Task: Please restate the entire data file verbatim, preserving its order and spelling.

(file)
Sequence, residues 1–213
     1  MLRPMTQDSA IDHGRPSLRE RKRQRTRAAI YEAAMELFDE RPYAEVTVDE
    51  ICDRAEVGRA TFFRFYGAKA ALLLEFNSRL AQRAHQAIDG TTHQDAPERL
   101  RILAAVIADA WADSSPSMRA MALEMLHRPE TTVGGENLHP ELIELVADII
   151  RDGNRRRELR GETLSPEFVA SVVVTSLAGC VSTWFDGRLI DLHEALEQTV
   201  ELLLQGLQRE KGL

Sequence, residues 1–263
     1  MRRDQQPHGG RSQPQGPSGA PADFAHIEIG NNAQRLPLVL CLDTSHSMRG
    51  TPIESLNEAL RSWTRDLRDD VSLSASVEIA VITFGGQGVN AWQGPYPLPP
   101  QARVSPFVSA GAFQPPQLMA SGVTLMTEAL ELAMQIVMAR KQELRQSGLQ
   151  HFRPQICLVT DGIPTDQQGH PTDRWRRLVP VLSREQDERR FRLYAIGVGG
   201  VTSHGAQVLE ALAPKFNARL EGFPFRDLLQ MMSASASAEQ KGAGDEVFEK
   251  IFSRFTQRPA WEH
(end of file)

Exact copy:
Sequence, residues 1–213
     1  MLRPMTQDSA IDHGRPSLRE RKRQRTRAAI YEAAMELFDE RPYAEVTVDE
    51  ICDRAEVGRA TFFRFYGAKA ALLLEFNSRL AQRAHQAIDG TTHQDAPERL
   101  RILAAVIADA WADSSPSMRA MALEMLHRPE TTVGGENLHP ELIELVADII
   151  RDGNRRRELR GETLSPEFVA SVVVTSLAGC VSTWFDGRLI DLHEALEQTV
   201  ELLLQGLQRE KGL

Sequence, residues 1–263
     1  MRRDQQPHGG RSQPQGPSGA PADFAHIEIG NNAQRLPLVL CLDTSHSMRG
    51  TPIESLNEAL RSWTRDLRDD VSLSASVEIA VITFGGQGVN AWQGPYPLPP
   101  QARVSPFVSA GAFQPPQLMA SGVTLMTEAL ELAMQIVMAR KQELRQSGLQ
   151  HFRPQICLVT DGIPTDQQGH PTDRWRRLVP VLSREQDERR FRLYAIGVGG
   201  VTSHGAQVLE ALAPKFNARL EGFPFRDLLQ MMSASASAEQ KGAGDEVFEK
   251  IFSRFTQRPA WEH